Name: Orsi Szentkiralyi
At the moment: United Kingdom
Sommeliere, Wine Judge & Tasting and Database Manager at Wowine
Please, tell us a little bit about your first encounter with wine & the wine industry? Any particular mentors at that time?
I grew up in a country where semi sweet Merlot was the norm for most people until very recently. I thought I didn’t like wine (well, I still don’t get excited about semi sweet Merlot), until I started working on a cruise ship in 2006 (at the housekeeping department). I met Bob Bath MS there by chance, and he encouraged me to start studying and tasting wine. I got my first job as a sommelier in 2008, for which I’m ever grateful to Ben Van de Meutter, my Head Sommelier at that time.
What specific traits or skills should a Sommelier(e) possess for professional performance and is there any person with that qualities you especially admire within the wine industry?
First of all, you got to be sure that you want to be a sommelier and know what it takes: long years of training, a lifelong commitment to studying, unsociable hours, physical demands and so on.
You need to have very good psychological skills – you need to understand what’s going on on the table in a couple of seconds, and sell what what makes both the guests and you happy. It leads to the next trait: you have to be an excellent salesperson. Being a sommelier should really be about selling an experience instead of taking wine orders.
You also need to be very humble, there are way too many people in this profession who think they are superior to everyone. You never know who sits on your table, or who you talk to at a wine tasting. For these reasons my absolute hero is Gerard Basset MS MW, who is the epitome of the Sommelier to me. The kindest, humblest, softest spoken person, who achieved everything you can in this profession and everyone loves him. There are many, many people who I feel blessed for working with or having met, including my mentor Joao Pires MS. I learned so much from him both professionally and personally.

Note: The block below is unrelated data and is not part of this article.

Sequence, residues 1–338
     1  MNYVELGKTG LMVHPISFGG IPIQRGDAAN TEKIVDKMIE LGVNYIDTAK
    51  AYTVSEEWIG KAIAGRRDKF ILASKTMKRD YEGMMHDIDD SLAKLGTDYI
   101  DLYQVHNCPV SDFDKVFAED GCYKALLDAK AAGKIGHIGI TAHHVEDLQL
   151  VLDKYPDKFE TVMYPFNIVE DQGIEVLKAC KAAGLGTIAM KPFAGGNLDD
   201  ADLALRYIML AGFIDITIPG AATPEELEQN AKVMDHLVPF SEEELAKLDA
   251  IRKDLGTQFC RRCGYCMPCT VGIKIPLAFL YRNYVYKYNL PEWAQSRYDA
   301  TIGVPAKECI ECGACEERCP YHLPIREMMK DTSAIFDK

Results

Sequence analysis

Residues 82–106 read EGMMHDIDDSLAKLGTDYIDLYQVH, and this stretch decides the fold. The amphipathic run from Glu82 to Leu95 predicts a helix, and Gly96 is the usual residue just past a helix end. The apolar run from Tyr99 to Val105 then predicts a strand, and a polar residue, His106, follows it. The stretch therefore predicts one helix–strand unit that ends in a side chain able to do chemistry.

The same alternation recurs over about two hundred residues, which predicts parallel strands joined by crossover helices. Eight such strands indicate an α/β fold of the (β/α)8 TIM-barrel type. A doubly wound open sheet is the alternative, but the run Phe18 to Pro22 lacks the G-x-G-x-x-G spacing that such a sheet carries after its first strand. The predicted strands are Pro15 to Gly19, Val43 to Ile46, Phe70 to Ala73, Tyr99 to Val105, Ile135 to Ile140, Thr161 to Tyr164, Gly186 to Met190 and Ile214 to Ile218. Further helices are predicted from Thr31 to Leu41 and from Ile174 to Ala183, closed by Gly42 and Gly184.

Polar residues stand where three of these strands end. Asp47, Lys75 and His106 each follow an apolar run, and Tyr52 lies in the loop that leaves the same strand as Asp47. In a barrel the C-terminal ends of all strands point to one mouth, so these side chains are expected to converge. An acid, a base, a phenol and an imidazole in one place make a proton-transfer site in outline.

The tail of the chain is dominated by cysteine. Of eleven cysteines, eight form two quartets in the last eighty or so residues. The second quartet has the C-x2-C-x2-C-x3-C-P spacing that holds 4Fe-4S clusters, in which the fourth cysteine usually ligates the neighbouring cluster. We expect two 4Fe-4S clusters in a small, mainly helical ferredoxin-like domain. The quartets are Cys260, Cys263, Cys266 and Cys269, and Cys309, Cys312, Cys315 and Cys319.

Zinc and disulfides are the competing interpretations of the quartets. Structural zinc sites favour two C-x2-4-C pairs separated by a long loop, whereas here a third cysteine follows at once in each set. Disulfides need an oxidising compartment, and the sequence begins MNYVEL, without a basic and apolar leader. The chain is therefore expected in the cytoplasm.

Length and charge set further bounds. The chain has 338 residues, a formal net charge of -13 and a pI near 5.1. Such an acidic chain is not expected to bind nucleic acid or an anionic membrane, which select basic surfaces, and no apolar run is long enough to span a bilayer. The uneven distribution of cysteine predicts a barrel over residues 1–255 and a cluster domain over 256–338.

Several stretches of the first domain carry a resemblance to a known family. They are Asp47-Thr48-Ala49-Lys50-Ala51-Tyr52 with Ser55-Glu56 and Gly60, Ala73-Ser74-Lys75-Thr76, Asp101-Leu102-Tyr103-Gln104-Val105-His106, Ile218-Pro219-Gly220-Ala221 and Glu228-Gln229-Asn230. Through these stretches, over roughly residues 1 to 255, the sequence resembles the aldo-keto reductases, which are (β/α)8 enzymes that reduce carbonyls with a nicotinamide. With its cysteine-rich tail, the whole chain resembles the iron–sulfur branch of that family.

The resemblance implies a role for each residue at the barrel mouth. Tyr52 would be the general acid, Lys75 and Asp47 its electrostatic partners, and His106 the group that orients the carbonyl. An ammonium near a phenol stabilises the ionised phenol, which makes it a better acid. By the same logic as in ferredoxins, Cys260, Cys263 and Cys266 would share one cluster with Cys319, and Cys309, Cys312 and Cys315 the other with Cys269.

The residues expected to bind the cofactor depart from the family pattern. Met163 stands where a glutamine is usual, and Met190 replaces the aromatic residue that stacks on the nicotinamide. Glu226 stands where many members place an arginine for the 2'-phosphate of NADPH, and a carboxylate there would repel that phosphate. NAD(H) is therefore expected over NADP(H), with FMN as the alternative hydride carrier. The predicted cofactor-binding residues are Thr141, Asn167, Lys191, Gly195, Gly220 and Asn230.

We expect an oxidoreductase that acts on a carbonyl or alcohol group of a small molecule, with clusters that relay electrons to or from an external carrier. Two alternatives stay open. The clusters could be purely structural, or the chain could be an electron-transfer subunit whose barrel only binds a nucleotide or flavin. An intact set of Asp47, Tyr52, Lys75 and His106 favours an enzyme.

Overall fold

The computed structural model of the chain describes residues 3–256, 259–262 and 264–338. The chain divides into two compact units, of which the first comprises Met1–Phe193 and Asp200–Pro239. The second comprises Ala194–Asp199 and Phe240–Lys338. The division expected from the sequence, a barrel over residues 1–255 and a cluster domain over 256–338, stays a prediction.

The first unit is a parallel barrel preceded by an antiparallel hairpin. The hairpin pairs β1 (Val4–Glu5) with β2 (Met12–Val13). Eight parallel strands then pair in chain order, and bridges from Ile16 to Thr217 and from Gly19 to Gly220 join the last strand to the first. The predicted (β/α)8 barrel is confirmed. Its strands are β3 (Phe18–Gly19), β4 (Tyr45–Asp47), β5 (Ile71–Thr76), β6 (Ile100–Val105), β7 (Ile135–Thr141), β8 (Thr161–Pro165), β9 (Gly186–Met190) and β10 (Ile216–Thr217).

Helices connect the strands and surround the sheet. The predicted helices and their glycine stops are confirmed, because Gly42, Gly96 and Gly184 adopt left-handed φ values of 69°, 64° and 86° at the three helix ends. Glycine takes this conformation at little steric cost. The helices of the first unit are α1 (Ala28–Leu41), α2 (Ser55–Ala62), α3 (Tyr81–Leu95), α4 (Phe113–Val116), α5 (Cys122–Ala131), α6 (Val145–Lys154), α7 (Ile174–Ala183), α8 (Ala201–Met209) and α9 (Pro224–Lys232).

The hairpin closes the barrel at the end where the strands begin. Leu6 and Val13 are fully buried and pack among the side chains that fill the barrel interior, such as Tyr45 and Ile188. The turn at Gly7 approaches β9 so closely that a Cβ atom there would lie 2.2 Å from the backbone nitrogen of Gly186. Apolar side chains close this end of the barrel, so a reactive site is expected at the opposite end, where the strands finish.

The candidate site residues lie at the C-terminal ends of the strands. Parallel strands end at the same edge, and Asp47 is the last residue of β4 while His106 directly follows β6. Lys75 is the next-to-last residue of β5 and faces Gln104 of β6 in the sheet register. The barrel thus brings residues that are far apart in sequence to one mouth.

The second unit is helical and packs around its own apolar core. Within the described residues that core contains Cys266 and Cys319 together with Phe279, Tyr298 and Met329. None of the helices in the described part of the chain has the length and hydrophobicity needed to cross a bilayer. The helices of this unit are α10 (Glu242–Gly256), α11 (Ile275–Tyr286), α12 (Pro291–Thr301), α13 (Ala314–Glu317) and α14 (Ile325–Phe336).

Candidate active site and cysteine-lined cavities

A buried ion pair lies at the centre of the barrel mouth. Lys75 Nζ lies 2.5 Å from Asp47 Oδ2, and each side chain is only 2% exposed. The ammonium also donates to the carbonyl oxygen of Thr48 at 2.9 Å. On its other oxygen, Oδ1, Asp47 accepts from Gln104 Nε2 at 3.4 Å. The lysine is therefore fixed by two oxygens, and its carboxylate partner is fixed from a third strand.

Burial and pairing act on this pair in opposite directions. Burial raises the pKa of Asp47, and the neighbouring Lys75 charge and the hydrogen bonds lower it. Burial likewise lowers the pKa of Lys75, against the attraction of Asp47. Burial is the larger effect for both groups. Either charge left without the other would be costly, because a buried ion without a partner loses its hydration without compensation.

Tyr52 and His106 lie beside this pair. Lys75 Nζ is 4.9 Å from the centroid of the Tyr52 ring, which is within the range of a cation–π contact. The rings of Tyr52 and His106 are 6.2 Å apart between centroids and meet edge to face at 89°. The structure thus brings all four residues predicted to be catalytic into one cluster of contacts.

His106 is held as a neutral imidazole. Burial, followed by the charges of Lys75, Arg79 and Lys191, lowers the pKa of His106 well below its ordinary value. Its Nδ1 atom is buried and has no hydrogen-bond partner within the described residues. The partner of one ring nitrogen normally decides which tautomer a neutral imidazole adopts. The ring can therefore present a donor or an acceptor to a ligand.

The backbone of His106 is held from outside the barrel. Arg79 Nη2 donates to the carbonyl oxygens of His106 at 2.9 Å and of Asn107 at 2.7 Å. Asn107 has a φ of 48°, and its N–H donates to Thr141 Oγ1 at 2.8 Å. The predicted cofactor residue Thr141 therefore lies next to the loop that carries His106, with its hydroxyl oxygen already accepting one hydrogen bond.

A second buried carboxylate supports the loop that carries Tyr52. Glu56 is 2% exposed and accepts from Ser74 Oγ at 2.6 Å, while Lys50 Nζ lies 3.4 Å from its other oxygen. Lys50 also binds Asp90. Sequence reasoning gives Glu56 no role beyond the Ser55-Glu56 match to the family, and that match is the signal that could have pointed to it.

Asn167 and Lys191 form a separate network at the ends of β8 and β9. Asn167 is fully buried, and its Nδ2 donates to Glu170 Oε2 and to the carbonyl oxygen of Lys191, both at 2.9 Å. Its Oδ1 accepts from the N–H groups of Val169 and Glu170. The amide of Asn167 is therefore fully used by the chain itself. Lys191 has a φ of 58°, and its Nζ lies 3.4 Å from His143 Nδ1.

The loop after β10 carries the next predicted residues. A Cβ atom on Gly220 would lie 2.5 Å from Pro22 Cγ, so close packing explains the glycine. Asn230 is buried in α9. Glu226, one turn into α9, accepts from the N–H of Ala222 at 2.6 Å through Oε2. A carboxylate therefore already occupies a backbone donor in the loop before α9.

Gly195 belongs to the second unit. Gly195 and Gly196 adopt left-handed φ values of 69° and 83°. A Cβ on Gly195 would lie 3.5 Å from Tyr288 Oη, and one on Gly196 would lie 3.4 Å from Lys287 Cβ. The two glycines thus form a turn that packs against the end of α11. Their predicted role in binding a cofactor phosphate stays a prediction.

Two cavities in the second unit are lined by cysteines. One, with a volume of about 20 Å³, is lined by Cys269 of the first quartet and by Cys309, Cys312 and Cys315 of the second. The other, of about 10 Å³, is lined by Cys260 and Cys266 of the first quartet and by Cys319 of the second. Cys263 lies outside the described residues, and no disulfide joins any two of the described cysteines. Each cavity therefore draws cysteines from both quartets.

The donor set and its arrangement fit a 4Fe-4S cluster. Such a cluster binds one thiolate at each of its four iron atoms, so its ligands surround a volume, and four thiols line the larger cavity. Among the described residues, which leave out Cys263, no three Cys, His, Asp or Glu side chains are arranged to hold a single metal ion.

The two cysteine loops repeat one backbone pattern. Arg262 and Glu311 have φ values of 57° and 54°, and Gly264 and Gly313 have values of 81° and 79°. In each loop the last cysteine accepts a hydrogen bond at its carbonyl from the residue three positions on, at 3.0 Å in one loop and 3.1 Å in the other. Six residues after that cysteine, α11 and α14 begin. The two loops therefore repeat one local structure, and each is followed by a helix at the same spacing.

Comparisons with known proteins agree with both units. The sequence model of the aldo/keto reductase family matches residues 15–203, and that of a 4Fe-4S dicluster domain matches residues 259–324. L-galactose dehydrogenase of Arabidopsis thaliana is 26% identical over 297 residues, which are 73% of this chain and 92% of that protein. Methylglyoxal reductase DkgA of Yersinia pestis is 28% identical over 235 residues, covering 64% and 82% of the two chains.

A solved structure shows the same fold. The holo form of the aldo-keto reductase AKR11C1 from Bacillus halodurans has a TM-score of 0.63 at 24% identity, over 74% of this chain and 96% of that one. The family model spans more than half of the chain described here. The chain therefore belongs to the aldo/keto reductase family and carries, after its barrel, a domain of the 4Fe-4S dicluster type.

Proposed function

What would be your advice to a young Sommelier(e) i.e. Commis Sommelier(e) where to look finding an adequate position at home or abroad? Any further tips?
There is no foolproof answer to this.
I found working abroad a very stimulating experience, and as I want to be the best I possibly can, I need to travel and work in different places. If you are lucky to live in New York or London, then the whole wine world is right in front of you, so probably you don’t need to travel too much. However, I think it’s kind of healthy to change restaurant every few years until you gain sufficient routine and experience, having seen different perspectives, so you can be a really good leader. Do not look for quick promotion. The longer you have a great manager to learn from, the better you will be in the future. There is a reason why you need to polish glasses for weeks as a commis: you will probably have to teach hundreds of commis to this task during your career. Don’t be impatient, keep your goal in mind, but take your time to reach it. Learn from everyone: some will teach you how to do things, and there will be plenty of bad examples so you don’t have to make their mistakes again.
When a customer asks for advice on selecting wine what’s in your opinion would be the best approach?
First, you need to know what you have to sell. Any bin ends, open bottles for the BTG program, something you want to introduce to your guests for feedback before putting it on the wine list? Of course, you need to know your wine list inside out. (This is a point where most would already fail). Then, you need to know what your guests are eating. It tells a lot about the guest (I hate using the word customer, a grocery store has customers, I have guests in my restaurant), their approximate spending and level of adventurousness. You can then reach back to your little list and create a unique experience for them, where they feel special. I very often “downsell”, making my guests comfortable with their spending on something they never tried. It works for me. Of course, there are people who drink Pinot Grigio all their life, but they probably won’t ask for your advice.
What’s your philosophy about glasses? Are you working with well known brands or are you considering new brands as well and how do you determine?